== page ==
Fear of parents impedes teen birth control

May 19, 2015

More than two-thirds of teenagers who participated in a recent national survey said that the main reason they don’t use birth control is fear of parental discovery, according to the National Campaign to Prevent Teen and Unplanned Pregnancy.

More than two-thirds of teenagers who participated in a recent national survey said that the main reason they don’t use birth control is fear of parental discovery, according to the National Campaign to Prevent Teen and Unplanned Pregnancy.

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When researchers surveyed a nationally representative sample of 501 adolescents aged 13 to 17 years, 68% agreed with the statement, “The primary reason why teens don’t use birth control or protection is because they are afraid that that their parents will find out.” By contrast, only 48% of the 1017 adults (aged older than 18 years) surveyed agreed.

The adolescents’ feelings about parents and birth control were somewhat at odds with findings of surveys over the past 20 years in which teenagers have consistently cited parents-rather than peers, partners, or popular culture-as the greatest influence on their decisions about sex, the National Campaign notes.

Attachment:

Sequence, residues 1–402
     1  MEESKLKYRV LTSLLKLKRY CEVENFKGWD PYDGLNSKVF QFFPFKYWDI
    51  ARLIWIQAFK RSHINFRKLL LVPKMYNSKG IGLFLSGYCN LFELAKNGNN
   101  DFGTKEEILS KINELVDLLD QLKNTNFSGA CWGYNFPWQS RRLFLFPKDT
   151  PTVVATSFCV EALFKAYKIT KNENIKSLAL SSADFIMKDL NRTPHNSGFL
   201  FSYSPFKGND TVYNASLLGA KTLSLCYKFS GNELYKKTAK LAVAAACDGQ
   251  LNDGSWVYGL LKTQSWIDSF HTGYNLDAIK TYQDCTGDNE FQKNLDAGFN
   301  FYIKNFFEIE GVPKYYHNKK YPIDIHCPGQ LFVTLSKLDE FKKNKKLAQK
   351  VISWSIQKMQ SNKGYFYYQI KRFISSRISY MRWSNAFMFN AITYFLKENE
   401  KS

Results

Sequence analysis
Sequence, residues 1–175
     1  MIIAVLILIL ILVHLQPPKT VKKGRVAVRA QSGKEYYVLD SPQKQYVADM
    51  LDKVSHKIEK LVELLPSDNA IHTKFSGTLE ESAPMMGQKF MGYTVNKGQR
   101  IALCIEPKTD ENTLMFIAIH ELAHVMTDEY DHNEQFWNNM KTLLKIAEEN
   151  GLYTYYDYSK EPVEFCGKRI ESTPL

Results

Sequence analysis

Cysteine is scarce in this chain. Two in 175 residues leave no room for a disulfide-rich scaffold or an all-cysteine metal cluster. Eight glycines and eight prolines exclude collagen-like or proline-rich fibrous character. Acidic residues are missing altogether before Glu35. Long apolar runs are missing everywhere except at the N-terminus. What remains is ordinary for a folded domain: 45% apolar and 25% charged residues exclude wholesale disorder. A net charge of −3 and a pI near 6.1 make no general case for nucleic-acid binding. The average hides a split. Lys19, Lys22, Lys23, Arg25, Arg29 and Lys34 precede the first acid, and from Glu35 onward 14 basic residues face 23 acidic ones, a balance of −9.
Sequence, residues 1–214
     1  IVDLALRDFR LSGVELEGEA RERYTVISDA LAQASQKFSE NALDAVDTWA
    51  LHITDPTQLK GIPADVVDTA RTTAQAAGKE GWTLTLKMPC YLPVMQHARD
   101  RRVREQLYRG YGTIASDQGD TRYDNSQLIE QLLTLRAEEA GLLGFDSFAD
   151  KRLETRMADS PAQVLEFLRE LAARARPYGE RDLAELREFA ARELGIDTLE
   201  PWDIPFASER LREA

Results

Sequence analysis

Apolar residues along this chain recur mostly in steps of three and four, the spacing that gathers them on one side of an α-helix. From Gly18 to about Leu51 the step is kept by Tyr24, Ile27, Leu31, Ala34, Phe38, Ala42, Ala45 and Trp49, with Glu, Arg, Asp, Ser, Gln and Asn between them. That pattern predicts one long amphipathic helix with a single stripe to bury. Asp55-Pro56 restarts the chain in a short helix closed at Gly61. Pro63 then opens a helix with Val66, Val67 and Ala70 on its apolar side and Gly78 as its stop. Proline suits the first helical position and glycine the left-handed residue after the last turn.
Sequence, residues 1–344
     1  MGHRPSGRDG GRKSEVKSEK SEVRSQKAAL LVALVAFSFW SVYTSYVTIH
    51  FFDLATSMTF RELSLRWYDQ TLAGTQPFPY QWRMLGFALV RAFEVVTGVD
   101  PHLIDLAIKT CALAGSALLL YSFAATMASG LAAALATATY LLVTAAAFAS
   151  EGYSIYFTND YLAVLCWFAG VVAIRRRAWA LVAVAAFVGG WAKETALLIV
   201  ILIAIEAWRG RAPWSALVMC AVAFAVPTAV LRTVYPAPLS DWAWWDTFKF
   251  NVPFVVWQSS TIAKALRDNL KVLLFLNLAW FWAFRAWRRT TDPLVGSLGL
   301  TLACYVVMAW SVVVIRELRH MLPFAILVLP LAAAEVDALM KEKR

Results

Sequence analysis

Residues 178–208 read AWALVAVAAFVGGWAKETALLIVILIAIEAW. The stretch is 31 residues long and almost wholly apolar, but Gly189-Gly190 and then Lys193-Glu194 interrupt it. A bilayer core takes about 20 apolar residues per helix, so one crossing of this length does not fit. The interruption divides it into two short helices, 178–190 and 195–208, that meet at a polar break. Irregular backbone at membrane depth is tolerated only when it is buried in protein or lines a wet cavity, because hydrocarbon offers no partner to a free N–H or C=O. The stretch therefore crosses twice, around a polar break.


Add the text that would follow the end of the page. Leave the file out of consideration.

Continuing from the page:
The survey also revealed a gap between the teenagers’ fears about their parents’ reaction to their sexual activity and the adults’ response to another survey question. Asked how they would react if they found out their teenager was having sex, most of the adults, 68%, replied that they hoped the teenager would talk to them so that they could help ensure that he or she was using birth control.

A much smaller number, 21%, said they hoped the teenager would talk to them so that they could try to convince him or her to stop having sex. Only 4% said they would be angry and express disappointment, and only 3% said they’d rather not know about it.

NEXT: What does the AAP recommend?

 

In its 2014 policy statement and accompanying technical report on contraception for adolescents, the American Academy of Pediatrics emphasizes the importance of confidentiality and consent issues in providing contraception and other sexual health services to adolescents while acknowledging the complexity of “relationships among parents, confidentiality, and access.”

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“Parents need not be adversaries” with regard to contraception, the policy statement observes, noting that many support minor consent and confidentiality for sexual health services. Pediatricians should provide counseling and contraception as a confidential service to adolescents, as permitted by law, while encouraging teenagers “to involve parents or trusted adults as they are able,” the policy statement recommends.

The National Campaign to Prevent Teen and Unplanned Pregnancy encourages parents, for their part, to open an honest conversation with their children about birth control without assuming that such discussion implies tacit approval of sexual activity.